Cover Molecular Biology

The cell cycle  

This chapter focuses on the cell cycle, which encompasses a series of highly coordinated processes that ensure cell duplication in a precise and timely manner. In eukaryotes, cyclin–Cdks (cyclin-dependent kinases) promote not only the processes that take place during a particular cell cycle phase, but also how cyclin–Cdks activate the next phase and extinguish the previous one. Regulatory pathways called checkpoints are superimposed on the cyclin–Cdk machinery and inhibit cell cycle progression in the presence of damage or certain types of errors in the cell. The multiple levels of regulation illustrate the importance of carrying out cell cycle processes with utmost accuracy. Indeed, failure to do so can result in cancer. Bacteria are more diverse in terms of their cell cycle schemes. The major regulatory steps in many bacteria are initiation of DNA replication, which is often coupled to chromosome segregation, and cell division.

Chapter

Cover Biochemistry and Molecular Biology

The cell cycle, cell division, cell death, and cancer  

This chapter looks at the eukaryotic cell cycle. This is divided into several phases: the first gap phase (G1), the DNA synthesis phase (S), the second gap phase (G2), and the mitotic or cell division phase (M). The chapter reviews progression through the phases. This depends on the synthesis of cyclin proteins specific for different phases. At the end of each phase the cyclins are destroyed by proteolysis. The cyclins are required to activate different cyclin-dependent protein kinases (Cdks) and determine which substrates a given kinase works on in each phase of the cycle. The chapter refers to the cyclin synthesis in G1, stating that it requires the receipt by the cell of a mitogenic signal from a growth factor or cytokine. After entering M phase, a further check is made to establish that all of the chromosomes are correctly placed on the mitotic spindle.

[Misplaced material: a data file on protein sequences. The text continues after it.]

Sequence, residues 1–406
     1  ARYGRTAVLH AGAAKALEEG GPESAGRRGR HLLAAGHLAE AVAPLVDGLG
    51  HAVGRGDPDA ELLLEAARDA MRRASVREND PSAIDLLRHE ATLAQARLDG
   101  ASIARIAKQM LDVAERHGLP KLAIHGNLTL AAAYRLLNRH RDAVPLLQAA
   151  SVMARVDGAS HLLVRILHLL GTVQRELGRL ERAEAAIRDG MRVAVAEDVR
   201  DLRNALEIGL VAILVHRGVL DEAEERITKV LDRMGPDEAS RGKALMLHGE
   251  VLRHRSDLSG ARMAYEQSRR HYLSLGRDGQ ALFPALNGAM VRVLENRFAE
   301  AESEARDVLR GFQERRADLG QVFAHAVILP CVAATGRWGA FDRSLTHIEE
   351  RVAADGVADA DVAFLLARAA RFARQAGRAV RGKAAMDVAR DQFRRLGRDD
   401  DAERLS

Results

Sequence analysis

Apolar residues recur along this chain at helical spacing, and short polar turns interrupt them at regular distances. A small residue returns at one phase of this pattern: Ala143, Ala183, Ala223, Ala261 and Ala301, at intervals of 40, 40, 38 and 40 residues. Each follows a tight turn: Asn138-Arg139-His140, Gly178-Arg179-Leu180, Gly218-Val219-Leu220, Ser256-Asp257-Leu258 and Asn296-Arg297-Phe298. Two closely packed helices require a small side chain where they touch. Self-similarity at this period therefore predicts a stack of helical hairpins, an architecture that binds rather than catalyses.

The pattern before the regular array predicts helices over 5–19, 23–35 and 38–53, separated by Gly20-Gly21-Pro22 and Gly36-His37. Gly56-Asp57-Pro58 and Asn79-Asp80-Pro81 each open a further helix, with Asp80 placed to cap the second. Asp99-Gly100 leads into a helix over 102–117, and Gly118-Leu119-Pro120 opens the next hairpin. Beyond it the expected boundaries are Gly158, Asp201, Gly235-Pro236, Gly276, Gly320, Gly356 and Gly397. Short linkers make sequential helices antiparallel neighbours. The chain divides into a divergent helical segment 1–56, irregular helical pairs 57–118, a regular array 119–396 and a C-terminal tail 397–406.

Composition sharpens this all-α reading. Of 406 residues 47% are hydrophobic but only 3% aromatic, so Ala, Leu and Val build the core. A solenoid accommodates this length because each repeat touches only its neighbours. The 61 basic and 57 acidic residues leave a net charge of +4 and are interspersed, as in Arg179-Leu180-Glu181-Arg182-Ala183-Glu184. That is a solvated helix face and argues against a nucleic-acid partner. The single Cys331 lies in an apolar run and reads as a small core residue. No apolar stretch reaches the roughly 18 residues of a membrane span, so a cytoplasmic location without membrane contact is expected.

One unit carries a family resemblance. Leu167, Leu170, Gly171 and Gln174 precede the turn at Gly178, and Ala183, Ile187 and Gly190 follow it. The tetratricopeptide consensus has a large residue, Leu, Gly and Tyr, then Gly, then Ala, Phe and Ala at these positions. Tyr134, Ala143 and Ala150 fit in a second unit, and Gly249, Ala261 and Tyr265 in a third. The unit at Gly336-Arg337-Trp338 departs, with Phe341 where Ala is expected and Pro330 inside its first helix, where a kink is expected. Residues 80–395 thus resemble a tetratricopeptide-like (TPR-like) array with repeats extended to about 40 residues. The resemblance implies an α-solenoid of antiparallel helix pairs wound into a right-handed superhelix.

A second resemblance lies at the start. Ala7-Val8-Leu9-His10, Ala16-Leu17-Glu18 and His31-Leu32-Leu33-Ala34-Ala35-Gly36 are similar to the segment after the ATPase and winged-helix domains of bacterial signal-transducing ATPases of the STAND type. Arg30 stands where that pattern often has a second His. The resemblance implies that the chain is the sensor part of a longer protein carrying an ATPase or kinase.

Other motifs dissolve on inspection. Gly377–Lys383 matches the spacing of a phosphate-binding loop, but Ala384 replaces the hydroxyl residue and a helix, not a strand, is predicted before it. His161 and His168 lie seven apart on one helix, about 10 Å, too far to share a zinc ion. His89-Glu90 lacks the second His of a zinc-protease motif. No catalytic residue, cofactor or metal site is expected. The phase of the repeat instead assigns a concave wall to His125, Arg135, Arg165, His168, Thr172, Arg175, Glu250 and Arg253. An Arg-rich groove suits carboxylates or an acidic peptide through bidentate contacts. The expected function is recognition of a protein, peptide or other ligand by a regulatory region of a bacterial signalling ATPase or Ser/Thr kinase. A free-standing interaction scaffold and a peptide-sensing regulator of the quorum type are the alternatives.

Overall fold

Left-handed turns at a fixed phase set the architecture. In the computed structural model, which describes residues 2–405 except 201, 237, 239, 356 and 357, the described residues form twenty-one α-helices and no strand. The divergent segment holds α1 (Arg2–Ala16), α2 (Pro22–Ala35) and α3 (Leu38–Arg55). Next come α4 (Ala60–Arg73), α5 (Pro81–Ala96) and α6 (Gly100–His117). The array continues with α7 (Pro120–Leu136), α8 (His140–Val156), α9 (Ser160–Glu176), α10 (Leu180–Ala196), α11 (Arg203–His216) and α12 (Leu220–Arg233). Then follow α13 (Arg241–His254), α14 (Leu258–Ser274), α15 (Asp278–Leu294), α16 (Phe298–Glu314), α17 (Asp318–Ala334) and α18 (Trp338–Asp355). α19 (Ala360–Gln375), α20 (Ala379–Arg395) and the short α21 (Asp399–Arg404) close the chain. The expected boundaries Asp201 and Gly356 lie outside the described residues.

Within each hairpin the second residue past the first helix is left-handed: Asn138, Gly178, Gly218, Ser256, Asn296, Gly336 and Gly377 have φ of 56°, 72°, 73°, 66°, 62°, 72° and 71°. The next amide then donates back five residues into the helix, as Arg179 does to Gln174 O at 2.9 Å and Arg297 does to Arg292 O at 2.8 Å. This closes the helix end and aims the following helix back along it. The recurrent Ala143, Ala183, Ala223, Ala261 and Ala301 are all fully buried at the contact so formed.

Chapter

Cover Thrive in Cell Biology

Cell death  

This chapter states that cell numbers in multicellular organisms are tightly regulated by the control of mitosis by mitogens and growth factors that stimulate cell division and growth and the genetically programmed death of damaged, diseased, or superfluous cells. It defines apoptosis as a highly regulated, genetically programmed process that eliminates unwanted, dysfunctional, or diseased cells by allowing them to self-degrade and die. It also mentions necrosis or accidental cell death, which can be caused by a chemical or physical assault to the cell or tissue. The chapter considers apoptosis as a natural part of the biology of multicellular organisms as it is involved in growth and development, maintaining homeostatic cell numbers, and eliminating cells that are diseased or have been damaged beyond repair. It looks at ways the balance in favour of apoptosis is induced, such as through certain types of physical or physiological stresses or lapses in the receipt of survival or trophic factors from other cells that prevent apoptosis.

Chapter

Cover Biochemistry and Molecular Biology

The cell membrane and membrane proteins  

This chapter talks about biological membranes that have a lipid bilayer structure made up of a variety of different lipids held together by noncovalent bonds. It shows that lipids are arranged with their hydrophobic tails pointing to the middle of the bilayer and their hydrophilic sections to the outside. Lipid bilayers are two-dimensional fluids that can self-seal. They permit endocytosis, a process by which cells take in material, and enable cells to eject molecules in a reverse process called exocytosis. The chapter mentions fatty acid components and shows how these may be saturated or unsaturated in a cis configuration, which are essential for maintaining the bilayer in a fluid condition. Trans unsaturated fatty acids resemble saturated fatty acids in that they are straight chain, not kinked.

Chapter

Cover Biochemistry and Molecular Biology

Cell signalling  

This chapter discusses the receptors of cells which receive signals from other cells. This is limited in scope in unicellular organisms, such as yeast and bacteria. However, in animal cells, such as mammalian ones, the number of signals needed to coordinate their activities is large. The chapter clarifies how signals control the most fundamental aspects of gene-control, cell survival, programmed cell death, and cell division. Cancer usually involves the malfunction of signalling pathways. The chapter analyzes signals that are variously proteins, peptides, steroids, and other lipid-related molecules, and nitric oxide. The signalling molecules bind to specific receptors of target cells and activate signalling pathways, which result in gene-control events in the nucleus and more direct effects on metabolism.